Fifty years ago this week, when men from Earth first landed on the moon, I was somewhere in the middle of the Atlantic Ocean, where it was the middle of the night. So naturally, despite all the drama, I fell asleep.
This puts me in something of a minority, since there were an estimated 500 million people all over the world, thrilled to watch and listen as Neil Armstrong said, “This is one small step for man … one giant leap for mankind.”
I landed in London a few days later, where I couldn’t believe the British newspapers. They were filled with color photographs (still quite rare, in those days, for American papers), and scads of articles applauding the achievement.
As an American, about to spend the next 10 months working for a British paper, I felt enormous pride in the moon landing. But I also felt a disconnect. I wanted to know more about these astronauts, Armstrong and Buzz Aldrin and Mike Collins.
They should have been the most fascinating men in the world. But they were not. They seemed to be withholding something from us. They seemed to be speaking in a language that avoided normal English. In all the commotion of those days, I missed hearing the beating of the human heart.
At a press conference a few days before Apollo 11 left Earth, a puckish reporter asked Armstrong if he might “keep a piece of the moon for yourself?”
“At this time,” Armstrong replied stiffly, “no plans have been made. … That’s not a prerogative we have available to us.”
As Norman Mailer noted a few weeks later in a piece written for The London Observer, headlined, “The Mind of An Astronaut, ” “The computerese style of response continued. ‘Doing our best’ became ‘obtaining maximum advantage possible.’ ‘Ability to move’ was a ‘mobility study.’ You could not break through computerese.”
Aldrin was no better. As Mailer observed, “Of the tense moment when ready to ignite for ascent from the moon’s surface, Aldrin merely spoke of the ‘various contingencies that can develop,’ and of ‘a wider variety of trajectory conditions.’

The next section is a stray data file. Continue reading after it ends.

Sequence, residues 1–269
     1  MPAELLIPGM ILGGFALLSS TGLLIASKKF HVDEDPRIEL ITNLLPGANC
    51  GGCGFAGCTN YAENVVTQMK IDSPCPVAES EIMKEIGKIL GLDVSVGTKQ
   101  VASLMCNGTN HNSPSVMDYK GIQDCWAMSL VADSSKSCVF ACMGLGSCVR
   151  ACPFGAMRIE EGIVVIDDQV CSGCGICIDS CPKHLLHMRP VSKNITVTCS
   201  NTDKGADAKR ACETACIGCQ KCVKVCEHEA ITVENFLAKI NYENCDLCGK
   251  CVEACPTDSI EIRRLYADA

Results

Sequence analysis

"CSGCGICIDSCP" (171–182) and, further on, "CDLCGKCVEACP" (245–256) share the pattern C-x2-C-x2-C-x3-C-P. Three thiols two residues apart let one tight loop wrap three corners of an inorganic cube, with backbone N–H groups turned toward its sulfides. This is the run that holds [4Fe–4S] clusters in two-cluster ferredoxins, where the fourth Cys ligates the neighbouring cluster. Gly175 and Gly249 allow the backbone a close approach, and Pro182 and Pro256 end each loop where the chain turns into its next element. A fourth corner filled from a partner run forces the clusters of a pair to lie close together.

“He was talking about not being able to join up, wandering through space, lost forever to life in that short eternity before they expired of hunger and thirst … [But] the heart of all astronaut talk [was] like the heart of all bureaucratic talk, a jargon which could be easily converted to computer programming.”
Even as we appreciated the technicians who helped put these men on the moon, and cheered the courage of the astronauts, we longed to know what the whole experience felt like – so we could measure it against our own courage and fear.
Surely there was some poetry to be mixed into the experience, something to translate the humanity behind the physics and math.
The journalist Oriana Fallaci had Mailer’s reaction. After interviewing another team of astronauts given to the same stiff language, she wrote, “I was so jealous of the astronauts. I asked them, ‘Why you and not me? You are going upstairs with no eyes to look, no ears to listen, no tongue to tell. I would have gone upstairs with all my eyes, all my ears, all my tongues. If I could, I would step on the moon and plant a tree.’”
Plant a tree, write a poem. It’s the same instinct. Tell us, please, what it felt like to be one of us, an earthling, a human, when you went where no other human had ever gone before.
A former Baltimore Sun columnist and WJZ-TV commentator, Michael Olesker is the author of six books, most recently “Front Stoops in the Fifties: Baltimore Legends Come of Age” (Johns Hopkins University Press).